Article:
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William Ewart Gladstone
Chapter 7 - Authorship


The best proof of his swiftness, his industry, and his skill in economizing time is to be found in the quantity of his literary work, which, considering the abstruse nature of the subjects to which most of it is related, would have been creditable to the diligence of a German professor sitting alone in his study. As to the merits of the work there has been some controversy. Mankind are slow to credit the same person with eminence in various fields. When they read the prose of a great poet, they try it by severer tests than would be applied to other prose-writers. When a painter wins fame by his portraits or his landscapes, they are apt to discourage any other kind of painting he may attempt. So Mr. Gladstone's reputation as an orator stood in his own light when he appeared as an author. He was read with avidity by thousands who would not have looked at the article or book had it borne any other name; but he was judged by the standard, not of his finest printed speeches, for his speeches were seldom models of composition, but rather by that of the impression which his speeches made on those who heard them. Since his warmest admirers could not claim for him as a writer of prose any such pre-eminence as belonged to him as a speaker, it followed that his written work was not duly appreciated. Had he been a writer and nothing else, he would have been famous and powerful by his pen.

He might, however, have failed to secure a place in the front rank. His style was forcible, copious, rich with various knowledge, warm with the ardor of his nature. But it had three serious defects. It was diffuse, apt to pursue a topic into details, when these might have been left to the reader's own reflection. It was redundant, employing more words than were needed to convey the substance. It was unchastened, indulging too freely in tropes and metaphors, in quotations and adapted phrases even when the quotation added nothing to the sense, but was due merely to some association in his own mind. Thus it seldom reached a high level of purity and grace, and though one might excuse its faults as natural to the work of a swift and busy man, they were sufficient to prevent readers from deriving much pleasure from the mere form and dress of his thoughts. Nevertheless there are passages, and not a few passages, both in the books and in the articles, of rare merit, among which may be cited (not as exceptionally good, but as typical of his strong points) the striking picture of his own youthful feeling toward the Church of England contained in the "Chapter of Autobiography," and the refined criticism of "Robert Elsmere," published in 1888. Almost the last thing he wrote, a pamphlet on the Greek and Cretan question, published in the spring of 1897, has all the force and cogency of his best days. Two things were never wanting to him: vigor of expression and an admirable command of appropriate words.

His writings fall into three classes: political, theological, and literary--the last including, and indeed chiefly consisting of, his books and articles upon Homer and the Homeric question. All the political writings, except his books on "The State in its Relations to the Church" and "Church Principles Considered in their Results," belong to the class of occasional literature, being pamphlets or articles produced with a view to some current crisis or controversy. They are valuable chiefly as proceeding from one who bore a leading part in the affairs they relate to, and as embodying vividly the opinions and aspirations of the moment, less frequently in respect of permanent lessons of political wisdom, such as one finds in Machiavelli or Tocqueville or Edmund Burke. Like Pitt and Peel, Mr. Gladstone had a mind which, whatever its original tendencies, had come to be rather practical than meditative. He was fond of generalizations and principles, but they were always directly related to the questions that came before him in actual politics; and the number of general maxims or illuminative suggestions to be found in his writings and speeches is not large in proportion to their sustained intellectual vigor. Even Disraeli, though his views were often fanciful and his epigrams often forced, gives us more frequently a brilliant (if only half true) historical apercu, or throws a flash of light into some corner of human character. Of the theological essays, which are mainly apologetic and concerned with the authenticity and authority of Scripture, it is enough to say that they exhibit the same general characteristics as the treatises dealing with Homer, which were the most serious piece of work that proceeded from Mr. Gladstone's pen. These Homeric treatises are in one sense worthless, in another sense admirable. Those parts of them which deal with early Greek mythology and religion, with Homeric geography and genealogy, and in a less degree with the use of Homeric epithets, have been condemned by the unanimous voice of scholars as fantastic. The premises are assumed without sufficient investigation, while the reasonings are fine-drawn and flimsy. Extraordinary ingenuity is shown in piling up a lofty fabric, but the foundation is of sand, and the edifice has hardly a solid wall or beam in it. A clever conjecture is treated as a fact; an inference possible but represented as probable is drawn from this conjecture; a second inference is based upon the first; we are made to forget that the probability of this second is at most only half the probability of the first; the process is continued in the same way; and when the whole superstructure is complete, the reader is provoked to perceive how much dialectical skill has been wasted upon a series of hypotheses which a breath of common-sense criticism dissipates. If one is asked to explain the weakness in this particular department of so otherwise strong a mind, the answer would seem to be that the element of fancifulness in Mr. Gladstone's intellect, and his tendency to mistake mere argumentation for verification, were checked in practical politics by constant intercourse with friends and colleagues as well as by the need of convincing visible audiences, while in theological or historical inquiries his ingenuity roamed with a dangerous freedom over wide plains where no obstacles checked its course. Something may also be due to the fact that his philosophical and historical education was received at a time when the modern critical spirit and the canons it recognizes had scarcely begun to assert themselves at Oxford. Similar defects may be discerned in other eminent writers of his own and preceding generations of Oxford men, defects which persons of equal or even inferior power in later generations would not display. In some of these, and particularly in Cardinal Newman, the contrast between dialectical acumen, coupled with surpassing rhetorical skill, and the vitiation of the argument by a want of the critical faculty, is even more striking than in Mr. Gladstone's case; and the example of that illustrious man suggests that the dominance of the theological view of literary and historical problems, a dominance evident in Mr. Gladstone, counts for something in producing the phenomenon noted.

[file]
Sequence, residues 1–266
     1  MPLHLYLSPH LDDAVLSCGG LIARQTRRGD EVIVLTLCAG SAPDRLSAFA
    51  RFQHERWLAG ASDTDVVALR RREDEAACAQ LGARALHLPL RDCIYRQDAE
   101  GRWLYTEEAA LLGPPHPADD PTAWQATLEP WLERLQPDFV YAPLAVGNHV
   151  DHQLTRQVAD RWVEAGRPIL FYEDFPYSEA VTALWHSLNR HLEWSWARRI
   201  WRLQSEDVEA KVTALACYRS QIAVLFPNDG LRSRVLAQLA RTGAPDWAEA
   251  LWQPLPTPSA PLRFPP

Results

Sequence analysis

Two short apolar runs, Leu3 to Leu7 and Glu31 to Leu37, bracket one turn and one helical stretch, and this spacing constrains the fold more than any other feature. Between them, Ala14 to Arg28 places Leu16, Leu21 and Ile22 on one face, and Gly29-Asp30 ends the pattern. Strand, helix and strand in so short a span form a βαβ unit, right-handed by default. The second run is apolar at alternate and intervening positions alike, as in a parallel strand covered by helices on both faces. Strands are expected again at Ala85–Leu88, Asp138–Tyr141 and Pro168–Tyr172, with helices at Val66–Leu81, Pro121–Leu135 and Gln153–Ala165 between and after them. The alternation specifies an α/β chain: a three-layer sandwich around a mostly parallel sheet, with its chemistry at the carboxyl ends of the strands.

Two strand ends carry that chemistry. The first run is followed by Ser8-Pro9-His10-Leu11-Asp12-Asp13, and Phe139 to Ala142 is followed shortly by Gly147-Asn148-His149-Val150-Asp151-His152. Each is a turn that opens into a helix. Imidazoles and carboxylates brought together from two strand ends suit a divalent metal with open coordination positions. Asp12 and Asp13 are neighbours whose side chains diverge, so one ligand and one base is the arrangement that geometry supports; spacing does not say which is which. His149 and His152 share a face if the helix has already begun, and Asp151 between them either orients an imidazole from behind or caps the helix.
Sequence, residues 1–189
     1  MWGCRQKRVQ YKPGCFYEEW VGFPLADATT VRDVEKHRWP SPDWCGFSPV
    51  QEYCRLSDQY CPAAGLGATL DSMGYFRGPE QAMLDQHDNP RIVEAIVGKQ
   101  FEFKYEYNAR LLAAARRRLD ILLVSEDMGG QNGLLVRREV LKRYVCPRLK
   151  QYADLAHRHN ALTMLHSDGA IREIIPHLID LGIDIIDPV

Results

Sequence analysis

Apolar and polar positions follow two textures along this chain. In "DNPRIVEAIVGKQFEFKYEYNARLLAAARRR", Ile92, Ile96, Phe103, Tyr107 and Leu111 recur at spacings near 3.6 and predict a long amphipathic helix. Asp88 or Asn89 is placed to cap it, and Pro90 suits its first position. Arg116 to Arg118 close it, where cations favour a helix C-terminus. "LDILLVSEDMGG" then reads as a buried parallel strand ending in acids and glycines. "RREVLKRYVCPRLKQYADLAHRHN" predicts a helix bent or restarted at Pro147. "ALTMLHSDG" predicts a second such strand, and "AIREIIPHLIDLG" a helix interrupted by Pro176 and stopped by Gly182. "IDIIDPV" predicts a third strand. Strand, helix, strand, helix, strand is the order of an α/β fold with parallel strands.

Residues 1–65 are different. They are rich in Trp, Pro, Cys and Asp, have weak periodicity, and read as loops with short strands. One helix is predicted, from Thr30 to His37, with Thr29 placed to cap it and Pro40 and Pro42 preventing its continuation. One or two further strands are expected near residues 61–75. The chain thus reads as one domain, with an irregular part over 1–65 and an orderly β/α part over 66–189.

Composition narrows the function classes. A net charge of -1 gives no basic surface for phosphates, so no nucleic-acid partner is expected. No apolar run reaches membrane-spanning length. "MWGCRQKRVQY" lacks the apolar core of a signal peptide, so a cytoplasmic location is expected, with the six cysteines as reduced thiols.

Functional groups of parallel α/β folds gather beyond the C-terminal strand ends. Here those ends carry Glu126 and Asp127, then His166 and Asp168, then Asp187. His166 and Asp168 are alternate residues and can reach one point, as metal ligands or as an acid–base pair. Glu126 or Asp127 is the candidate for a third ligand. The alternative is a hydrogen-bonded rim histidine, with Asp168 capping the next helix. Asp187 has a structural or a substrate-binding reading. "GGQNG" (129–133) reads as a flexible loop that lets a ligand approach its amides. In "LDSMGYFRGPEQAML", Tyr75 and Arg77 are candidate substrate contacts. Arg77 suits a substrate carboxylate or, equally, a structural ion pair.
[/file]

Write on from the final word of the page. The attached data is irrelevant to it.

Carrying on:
With these deficiencies, Mr. Gladstone's Homeric work had the great merit of being based on a full and thorough knowledge of the Homeric text. He had seen that Homer is not only a poet, but an "historical source" of the highest value, a treasure-house of data for the study of early Greek life and thought, an authority all the more trustworthy because an unconscious authority, addressing not posterity but his own contemporaries. With this thorough knowledge of the matter contained in the poems, Mr. Gladstone was able to present many interesting and permanently valuable pictures of the political and social life of Homeric Greece, while the interspersed literary criticisms are often subtle and suggestive, erring, when they do err, chiefly through what may be called the over-earnestness of his mind. He sometimes takes the poet too seriously; he is apt to read an ethical purpose into descriptive or dramatic touches which are merely descriptive or dramatic. But he has for his author not only that intense sympathy which is the best basis for criticism, but a real justness of poetic taste which the learned and painstaking German commentator frequently wants. That he was a sound and accurate scholar in that somewhat narrow sense of the word which denotes a grammatical and literary mastery of Greek and Latin, goes without saying. Men of his generation were more apt to keep up their familiarity with the ancient classics than is the present generation; and his habit of reading Greek for the sake of his Homeric studies, and Latin for the sake of his theological, made this familiarity more than usually thorough. Like most Etonians, he loved and knew the poets by preference. Theology claimed a place beside poetry; history came next, and was always a favorite branch of study. It seemed odd that the constitutional history of England was by no means one of his strong subjects, but the fact is that this was preeminently a Whig subject, and Mr. Gladstone never was a Whig, never learned to think upon the lines of the great Whigs of former days. His knowledge was not, perhaps, very wide, but it was generally exact; indeed, the accuracy with which he grasped facts that belonged to the realm of history proper was sometimes in strange contrast to the fanciful way in which he reasoned from them, or to the wildness of his conjectures in the prehistoric region. For metaphysics strictly so called he had apparently little turn-- his reading did not go far beyond those companions of his youth, Aristotle and Bishop Butler; and philosophical speculation interested him only so far as it bore on Christian doctrine. Neither, in spite of his eminence as a financier and an advocate of free trade, did he show much taste for economic studies. On practical topics, such as the working of protective tariffs, the abuse of charitable endowments, the development of fruit-culture in England, the duty of liberal giving by the rich, the utility of thrift among the poor, his remarks were always full of point, clearness, and good sense, but he seldom launched out into the wider sea of economic theory. He must have possessed mathematical talent, for he took a first class in mathematics at Oxford, at the same time as his first in classics, but it was a subject he soon dropped. Regarding the sciences of nature, the sciences of experiment and observation, he seemed to feel as little curiosity as any educated man who notes the enormous part they play in the modern world can feel. Sayings of his have been quoted which show that he imperfectly comprehended the character of the evidence they rely upon and of the methods they employ. On one occasion he astonished a dinner-table of younger friends by refusing to accept some of the most certain conclusions of modern geology. No doubt he belonged (as the famous Lord Derby once said of himself) to a pre-scientific age; still, it was hard to avoid thinking that he was unconsciously influenced by a belief that such sciences as geology and biology, for instance, were being worked in a sense hostile to revealed religion, and were therefore influences threatening the moral welfare of mankind.